Thursday 31 December 2020

linux-5.10-ck1, MuQSS version 0.205 for linux-5.10

Announcing a new -ck release, 5.10-ck1  with the latest version of the Multiple Queue Skiplist Scheduler, version 0.205 These are patches designed to improve system responsiveness and interactivity with specific emphasis on the desktop, but configurable for any workload. 
Probably the most interesting thing to happen as pointed out to me by Damentz was that the Intel i915 scheduler is based on the scheduling algorithm from MuQSS:
 [Intel-gfx] [PATCH 36/56] drm/i915: Fair low-latency scheduling  
It seems they understand the incredible simplicity of the underlying scheduling algorithm that guarantees both latency and fairness intrinsically.
This was a very minor resync from 5.9-ck1.

-ck1 patch:
Git tree:

MuQSS only:
Git tree:


  1. Thank you for your work Con! Your scheduler is great, it improves performance (yes, not only responsiveness, but performance too, at least in some apps) noticeably over CFS on my weak CPU. And i even benchmarked it a while ago to be sure it's not a placebo effect.

  2. Nice to see your ideas spreading between developers, Con.
    Happy new year, btw!

  3. Are you announcing 5.9-ck1 or 5.10-ck1? You've mentioned both.

    1. Copied over from old post by mistake, fixed now thanks.

  4. Many thanks Con, your work is much appreciated, it makes my daily Linux experience much better.

    Love to see other developers appreciating your work and applying it to other areas of the system.

    Wishing you a happy new year and and the best for you and your loved ones.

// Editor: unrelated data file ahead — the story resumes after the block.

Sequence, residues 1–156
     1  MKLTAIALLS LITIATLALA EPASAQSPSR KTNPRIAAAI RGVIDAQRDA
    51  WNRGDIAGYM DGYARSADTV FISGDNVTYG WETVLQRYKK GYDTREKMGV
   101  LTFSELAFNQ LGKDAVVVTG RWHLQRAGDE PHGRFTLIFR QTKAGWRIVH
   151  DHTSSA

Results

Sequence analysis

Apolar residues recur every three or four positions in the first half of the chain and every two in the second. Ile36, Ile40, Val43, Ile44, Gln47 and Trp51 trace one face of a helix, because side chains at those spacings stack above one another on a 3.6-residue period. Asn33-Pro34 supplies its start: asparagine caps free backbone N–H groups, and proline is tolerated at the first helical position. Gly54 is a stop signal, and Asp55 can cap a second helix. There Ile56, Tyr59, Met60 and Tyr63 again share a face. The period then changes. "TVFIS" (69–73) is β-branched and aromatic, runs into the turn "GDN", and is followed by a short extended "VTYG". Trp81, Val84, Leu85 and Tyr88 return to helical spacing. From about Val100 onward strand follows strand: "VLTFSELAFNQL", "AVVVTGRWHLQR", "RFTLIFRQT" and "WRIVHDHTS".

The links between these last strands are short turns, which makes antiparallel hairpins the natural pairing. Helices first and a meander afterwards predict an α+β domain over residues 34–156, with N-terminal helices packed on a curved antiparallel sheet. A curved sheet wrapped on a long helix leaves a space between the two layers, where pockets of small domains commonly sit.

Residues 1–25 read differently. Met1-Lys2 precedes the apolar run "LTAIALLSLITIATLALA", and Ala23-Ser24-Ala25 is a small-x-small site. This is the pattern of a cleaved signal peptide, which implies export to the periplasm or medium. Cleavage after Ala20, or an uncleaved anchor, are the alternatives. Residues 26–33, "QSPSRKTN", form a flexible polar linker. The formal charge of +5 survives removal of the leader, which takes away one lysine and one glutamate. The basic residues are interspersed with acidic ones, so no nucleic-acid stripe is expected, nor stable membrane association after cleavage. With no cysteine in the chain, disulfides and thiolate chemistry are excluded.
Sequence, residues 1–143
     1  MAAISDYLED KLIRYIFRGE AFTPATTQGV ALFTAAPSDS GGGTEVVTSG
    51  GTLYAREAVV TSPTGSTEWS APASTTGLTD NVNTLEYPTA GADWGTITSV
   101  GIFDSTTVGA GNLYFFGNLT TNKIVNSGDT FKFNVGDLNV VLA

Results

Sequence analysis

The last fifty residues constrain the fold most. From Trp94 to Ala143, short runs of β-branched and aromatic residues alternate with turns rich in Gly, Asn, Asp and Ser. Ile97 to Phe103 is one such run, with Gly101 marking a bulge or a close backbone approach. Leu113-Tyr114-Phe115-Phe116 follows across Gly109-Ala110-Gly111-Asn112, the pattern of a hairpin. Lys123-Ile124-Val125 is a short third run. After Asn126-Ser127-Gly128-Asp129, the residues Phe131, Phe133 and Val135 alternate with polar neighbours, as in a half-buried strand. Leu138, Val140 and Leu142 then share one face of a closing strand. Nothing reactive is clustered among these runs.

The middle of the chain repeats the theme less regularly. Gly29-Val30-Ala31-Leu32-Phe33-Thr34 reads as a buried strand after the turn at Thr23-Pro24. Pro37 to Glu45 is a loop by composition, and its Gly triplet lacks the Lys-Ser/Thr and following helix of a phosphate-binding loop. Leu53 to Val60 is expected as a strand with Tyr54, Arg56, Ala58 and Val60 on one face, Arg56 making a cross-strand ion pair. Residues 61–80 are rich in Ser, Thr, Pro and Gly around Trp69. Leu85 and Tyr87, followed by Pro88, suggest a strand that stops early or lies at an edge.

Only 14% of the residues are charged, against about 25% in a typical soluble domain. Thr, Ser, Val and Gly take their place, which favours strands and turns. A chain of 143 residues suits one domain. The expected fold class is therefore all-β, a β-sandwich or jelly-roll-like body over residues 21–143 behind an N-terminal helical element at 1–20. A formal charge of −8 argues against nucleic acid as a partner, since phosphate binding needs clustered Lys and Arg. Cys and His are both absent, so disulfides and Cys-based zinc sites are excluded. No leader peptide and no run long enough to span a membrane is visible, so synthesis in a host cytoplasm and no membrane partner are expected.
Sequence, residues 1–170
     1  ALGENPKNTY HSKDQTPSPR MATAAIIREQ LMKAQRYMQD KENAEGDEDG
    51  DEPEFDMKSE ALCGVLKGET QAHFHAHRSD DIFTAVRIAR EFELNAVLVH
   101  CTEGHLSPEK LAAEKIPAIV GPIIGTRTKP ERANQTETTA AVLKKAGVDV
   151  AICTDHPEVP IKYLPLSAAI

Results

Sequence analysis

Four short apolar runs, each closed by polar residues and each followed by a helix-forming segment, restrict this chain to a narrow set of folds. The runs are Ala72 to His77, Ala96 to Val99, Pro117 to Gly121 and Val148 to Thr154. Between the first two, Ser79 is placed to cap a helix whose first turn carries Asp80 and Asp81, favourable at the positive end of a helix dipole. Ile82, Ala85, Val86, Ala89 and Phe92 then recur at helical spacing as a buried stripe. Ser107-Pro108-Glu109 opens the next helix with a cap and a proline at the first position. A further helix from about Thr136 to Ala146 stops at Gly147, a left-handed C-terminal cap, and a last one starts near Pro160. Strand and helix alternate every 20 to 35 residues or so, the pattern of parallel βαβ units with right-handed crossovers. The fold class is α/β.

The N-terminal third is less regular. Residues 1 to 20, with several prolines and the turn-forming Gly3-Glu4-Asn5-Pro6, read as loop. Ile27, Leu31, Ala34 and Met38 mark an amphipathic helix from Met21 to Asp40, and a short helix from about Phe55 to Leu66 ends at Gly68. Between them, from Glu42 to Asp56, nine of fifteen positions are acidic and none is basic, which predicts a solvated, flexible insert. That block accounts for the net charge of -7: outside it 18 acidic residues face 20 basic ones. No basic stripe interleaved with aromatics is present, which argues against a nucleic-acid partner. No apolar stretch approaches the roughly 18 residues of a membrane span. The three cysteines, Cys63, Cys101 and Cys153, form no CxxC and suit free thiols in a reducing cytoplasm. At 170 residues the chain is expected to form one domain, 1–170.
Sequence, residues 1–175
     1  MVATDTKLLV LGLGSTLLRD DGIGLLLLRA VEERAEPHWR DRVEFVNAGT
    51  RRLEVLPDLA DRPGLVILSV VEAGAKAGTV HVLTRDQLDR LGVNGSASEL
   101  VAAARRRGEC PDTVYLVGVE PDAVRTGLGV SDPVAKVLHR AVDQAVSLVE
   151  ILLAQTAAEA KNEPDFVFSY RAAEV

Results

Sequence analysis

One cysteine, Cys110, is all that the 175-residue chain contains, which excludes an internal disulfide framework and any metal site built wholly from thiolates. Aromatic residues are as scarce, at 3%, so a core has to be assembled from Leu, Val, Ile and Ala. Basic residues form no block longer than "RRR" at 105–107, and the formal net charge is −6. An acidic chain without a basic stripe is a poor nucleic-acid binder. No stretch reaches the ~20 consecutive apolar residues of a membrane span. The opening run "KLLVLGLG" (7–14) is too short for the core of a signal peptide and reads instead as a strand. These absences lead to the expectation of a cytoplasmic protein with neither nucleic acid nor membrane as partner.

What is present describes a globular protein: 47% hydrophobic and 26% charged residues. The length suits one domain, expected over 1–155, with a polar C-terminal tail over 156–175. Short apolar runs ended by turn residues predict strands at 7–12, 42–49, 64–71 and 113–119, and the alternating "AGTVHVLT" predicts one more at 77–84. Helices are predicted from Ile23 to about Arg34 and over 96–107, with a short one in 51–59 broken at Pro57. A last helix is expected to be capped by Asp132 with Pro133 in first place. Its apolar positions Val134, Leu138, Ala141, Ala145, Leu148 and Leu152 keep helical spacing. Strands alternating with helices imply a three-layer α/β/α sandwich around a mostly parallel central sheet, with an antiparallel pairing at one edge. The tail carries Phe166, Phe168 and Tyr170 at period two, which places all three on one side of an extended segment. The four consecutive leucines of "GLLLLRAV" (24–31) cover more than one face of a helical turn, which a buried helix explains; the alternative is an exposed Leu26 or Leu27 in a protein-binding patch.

5. And now have a very smooth ride into the next year, sir! :-) I've been waiting for that, and now you've given me a New Year's pledge to work on once midnight has passed here. Stay safe!

  6. Thank you very much and a Happy New Year!

  7. I'm wandering which rqshare option I should select for my laptop with an i5-8265U processor (4c/8t). MC seems to be the preferred option for processors with < 6 cores, although the help seems to hint that SMT is always beneficial in terms of overhead, latency and throughput

    1. Depends on what you want to prioritise. For power SMT is probably better, but for latency, MC is still the best.

  8. With kernel v5.10 I noticed that upstream now forbids usage of "ondemand" (and "conservative") CPUfreq governor in favour of "schedutil". And we all know that "schedutil" doesn't work that great. Now we need extra patches to have better defaults.
    I'm using at least 2
    1) Allow "ondemand" selection by default

    --- a/drivers/cpufreq/Kconfig
    +++ b/drivers/cpufreq/Kconfig
    @@ -71,7 +71,6 @@

    bool "ondemand"
    - depends on !(X86_INTEL_PSTATE && SMP)

    2) Deal with intel_pstate
    a. Disable schedutil so it won't be used with intel_pstate
    b. Disable intel_pstate by default (patch "drivers/cpufreq/intel_pstate.c" to force "no_load" usage by default
    based on old Canonical's patch )
    I'm choosing option "b" for my kernel build.

    I'm really not certain about future now as upstream wants to remove ondemand/conservative at some point. Schedutil, especially in combination with MuQSS, constantly forces CPU to stay on higher frequencies. Also, according to Phoronix tests, there might be still performance issues.